Even though I had backpacked the North Fork earlier in the season (Spring trip report), I was still excited to see the 14,000 foot tall Palisades towering above the turquoise lakes minus the mosquitoes and icy wind characteristic of early season backpacking.
Permits are reservable online at Recreation.gov. I’d argue that this is the most popular backpacking trail in all of Inyo National Forest, so you’ll want to book as early as possible, which is six months for this trail.
In the afternoon we arrived at Big Pine Campground and set up camp at spots #15 and #19. Being a summer weekend, the campground was filled completely, and there was a 2 night minimum stay. While we finished off a total of 3 bottles of wine by the river, we enjoyed the company of two pheasants who followed us around the entire time. That evening we hung around the fire eating banana boats at camp site #9, by far the best site in the campground.
The next morning we packed our bags and headed to the overnight parking lot about a mile from the trailhead. Instead of taking the dirt trail leading up the mountain directly from the lot, we decided to walk along the shaded road along the river to the true trailhead.
After walking along the river and passing the horse stables at 7800', the trail began its steady climb.
After a mile and some steep switchbacks, we crossed first falls at 8400'. We took the shorter and unmarked upper trail, even though it was more exposed. This portion of the trail was quite impressive as the dirt path gradually ascended as it cut across the mountain. After rejoining with the lower trail after 0.7 miles and now at an elevation of 8720', we entered Inyo National Forest and rounded the corner at an impressive waterfall cascade (Second Falls).
Continuously climbing upward, we passed a ranger station that used to be actor Lon Cheney's cabin.
It was 3.4 miles until the junction that marks the beginning of our semiloop and an additional 1265' to climb. It was a relief to finally spot First Lake, at 9961', and it definitely seemed more turquoise than when I saw it several months ago.
We decided to not leave the trail and instead head straight to Second Lake (10059'), where we would have lunch.
After lunch it was a short hike to Third Lake (10249'), where many of the great campspots were already taken. A passing hiker suggested we head to Fourth Lake, which was only a 20 minute hike and saw much less traffic. We decided to explore the southern shore of Third Lake and eventually found a decent spot with a view of Temple Crag above the water. After dropping our packs, we all quickly headed down to the lake to jump in while still warm from our hike. Don't let the color of the lake fool you..the water was frigid! The milky turquoise color of the lake is due to the glacial powder carried from the melting glacier.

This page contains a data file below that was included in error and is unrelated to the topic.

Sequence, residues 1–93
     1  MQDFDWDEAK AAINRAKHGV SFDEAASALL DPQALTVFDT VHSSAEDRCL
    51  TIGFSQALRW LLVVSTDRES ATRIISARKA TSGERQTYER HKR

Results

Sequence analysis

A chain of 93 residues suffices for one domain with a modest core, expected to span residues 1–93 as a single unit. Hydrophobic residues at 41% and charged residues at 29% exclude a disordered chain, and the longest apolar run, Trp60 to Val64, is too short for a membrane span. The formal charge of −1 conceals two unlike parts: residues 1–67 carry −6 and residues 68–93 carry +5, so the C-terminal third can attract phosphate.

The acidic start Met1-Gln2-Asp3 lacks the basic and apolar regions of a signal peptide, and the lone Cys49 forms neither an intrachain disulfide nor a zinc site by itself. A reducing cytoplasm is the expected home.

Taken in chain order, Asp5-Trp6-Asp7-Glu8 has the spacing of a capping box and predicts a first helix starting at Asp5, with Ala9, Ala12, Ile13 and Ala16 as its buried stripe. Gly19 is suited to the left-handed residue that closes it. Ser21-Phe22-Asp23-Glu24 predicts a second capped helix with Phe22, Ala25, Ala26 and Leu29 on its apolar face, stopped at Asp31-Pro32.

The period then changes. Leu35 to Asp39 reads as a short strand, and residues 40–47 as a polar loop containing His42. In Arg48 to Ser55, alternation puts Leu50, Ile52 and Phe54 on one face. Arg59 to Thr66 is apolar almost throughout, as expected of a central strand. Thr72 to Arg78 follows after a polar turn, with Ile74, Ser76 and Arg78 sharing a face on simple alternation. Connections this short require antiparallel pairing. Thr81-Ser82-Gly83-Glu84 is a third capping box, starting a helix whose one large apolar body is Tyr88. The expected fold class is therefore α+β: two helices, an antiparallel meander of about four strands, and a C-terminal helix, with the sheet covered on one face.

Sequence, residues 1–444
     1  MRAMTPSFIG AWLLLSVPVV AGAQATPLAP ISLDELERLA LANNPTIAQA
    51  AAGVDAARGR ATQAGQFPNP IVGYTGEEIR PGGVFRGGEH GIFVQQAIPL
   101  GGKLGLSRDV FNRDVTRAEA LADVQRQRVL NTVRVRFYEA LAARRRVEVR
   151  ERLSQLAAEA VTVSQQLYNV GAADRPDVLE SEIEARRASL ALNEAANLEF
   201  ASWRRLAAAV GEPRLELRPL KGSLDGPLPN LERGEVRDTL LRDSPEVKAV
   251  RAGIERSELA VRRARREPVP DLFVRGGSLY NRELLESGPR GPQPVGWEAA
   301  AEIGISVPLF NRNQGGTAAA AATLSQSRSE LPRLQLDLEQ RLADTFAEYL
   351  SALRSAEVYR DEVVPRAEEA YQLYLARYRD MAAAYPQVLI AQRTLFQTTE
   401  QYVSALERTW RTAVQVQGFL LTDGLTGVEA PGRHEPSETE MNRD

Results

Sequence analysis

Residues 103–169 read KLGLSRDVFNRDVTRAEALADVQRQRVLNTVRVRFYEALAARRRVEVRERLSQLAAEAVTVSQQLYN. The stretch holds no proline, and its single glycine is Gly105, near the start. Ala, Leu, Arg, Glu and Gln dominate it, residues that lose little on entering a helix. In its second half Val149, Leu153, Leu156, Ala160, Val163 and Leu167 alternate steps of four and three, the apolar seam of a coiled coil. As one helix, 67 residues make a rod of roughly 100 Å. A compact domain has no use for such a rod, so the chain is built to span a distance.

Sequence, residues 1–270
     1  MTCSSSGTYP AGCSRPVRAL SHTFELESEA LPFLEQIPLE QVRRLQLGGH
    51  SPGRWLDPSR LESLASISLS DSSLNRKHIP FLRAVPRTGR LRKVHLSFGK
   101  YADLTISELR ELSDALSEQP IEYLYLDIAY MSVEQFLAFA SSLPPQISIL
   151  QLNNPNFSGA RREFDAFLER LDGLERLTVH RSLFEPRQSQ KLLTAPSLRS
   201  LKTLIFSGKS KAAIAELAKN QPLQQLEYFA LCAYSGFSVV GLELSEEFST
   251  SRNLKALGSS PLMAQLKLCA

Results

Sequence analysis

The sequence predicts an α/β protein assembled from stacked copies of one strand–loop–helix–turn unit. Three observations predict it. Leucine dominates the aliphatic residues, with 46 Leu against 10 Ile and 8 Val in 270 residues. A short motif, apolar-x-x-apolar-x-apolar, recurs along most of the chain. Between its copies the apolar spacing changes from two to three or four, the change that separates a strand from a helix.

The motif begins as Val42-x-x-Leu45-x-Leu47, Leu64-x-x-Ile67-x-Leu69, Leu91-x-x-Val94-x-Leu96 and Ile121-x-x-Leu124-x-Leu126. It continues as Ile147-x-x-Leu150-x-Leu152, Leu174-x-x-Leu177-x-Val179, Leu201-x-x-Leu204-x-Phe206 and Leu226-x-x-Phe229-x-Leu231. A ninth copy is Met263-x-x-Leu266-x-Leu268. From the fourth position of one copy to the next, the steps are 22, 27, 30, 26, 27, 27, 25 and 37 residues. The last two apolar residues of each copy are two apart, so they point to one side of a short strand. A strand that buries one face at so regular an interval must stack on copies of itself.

That night we laid out and watched the milky way appear directly above Temple Crag. Even though the peak of the Perseids Meteor Shower was only a couple days ago, we still saw tons of shooting stars. Everyone had difficulty sleeping this night, perhaps it was due to the gusty wind throughout the night.
The next morning we packed up and headed up to Summit Lake (10900'). It was only a 700 foot climb in about 2 miles, so we quickly reached our destination and had set up camp at the best site by 11:00AM. We were glad to not have headed up to Fourth Lake to camp the previous date, because the only campspot sitting on a peninsula jutting out into the lake was taken.
We decided to pack our day bags and head back down to Fifth Lake (10787'). Following the trail back to the western shore of Fourth Lake, we took an off trail up the ridge to the west to emerge above Fifth Lake. We crossed a log pile onto a small rock island and spent the rest of the day relaxing here.
The boys found some fishing line and bait and fashioned a hook out of a bobby pin in hopes of catching some fish. The line was too brittle and snapped on them, but it was an entertaining afternoon.
After the short and easy hike back up to Summit Lake, we decided to go for a swim. The water up here was much warmer and more relaxing to swim in.
That night we feasted on the rest of our food, trying to finish it off before our hike out the next day. We were all completely stuffed with mashed potatoes, chicken rice, and cheddar broccoli rice. That night we decided to return to our swim rock with our sleeping bags to lay out and watch the stars one last time. The stars were so clear and bright that my first starry night photo turned out alright.
At one point we heard our peanut butter wrapper get blown up and off the rock. When we went looking for it, we realized a mouse had snatched it and was furiously working to extract the last licks of delicious nut butter.
The next morning we all got up at 6AM to watch the promising sunrise. Normally I have a hard time getting up early, but not when I'm backpacking in the mountains!
The sunrise above Summit Lake did not disappoint. The entire range of the Palisades slowly began to glow from a deep orange to a golden yellow. The lake was completely still in the morning, making for great photos. It wasn't long until all of the jumping fish ruined the glassy reflection.
It was a 0.4 mile hike back to Fourth Lake, and we couldn't find the trail that skirts around the eastern side of the lake, so it was another half mile around the western shore. It was a flat hike to Black Lake (10649'), which we briefly stopped at to enjoy before getting back on the trail. It was 1.5 miles from Fourth Lake till the end of the semi-loop. It was an easy hike out as everybody was eager to sit down to a large hamburger and fries.
When we got to the true trailhead, a gentleman was nice enough to drive me back to the parking lot, saving me an extra mile. Next time we see any hikers headed to the overnight lot, we will be sure to pay forward the favor!
Favorite gear for this trip: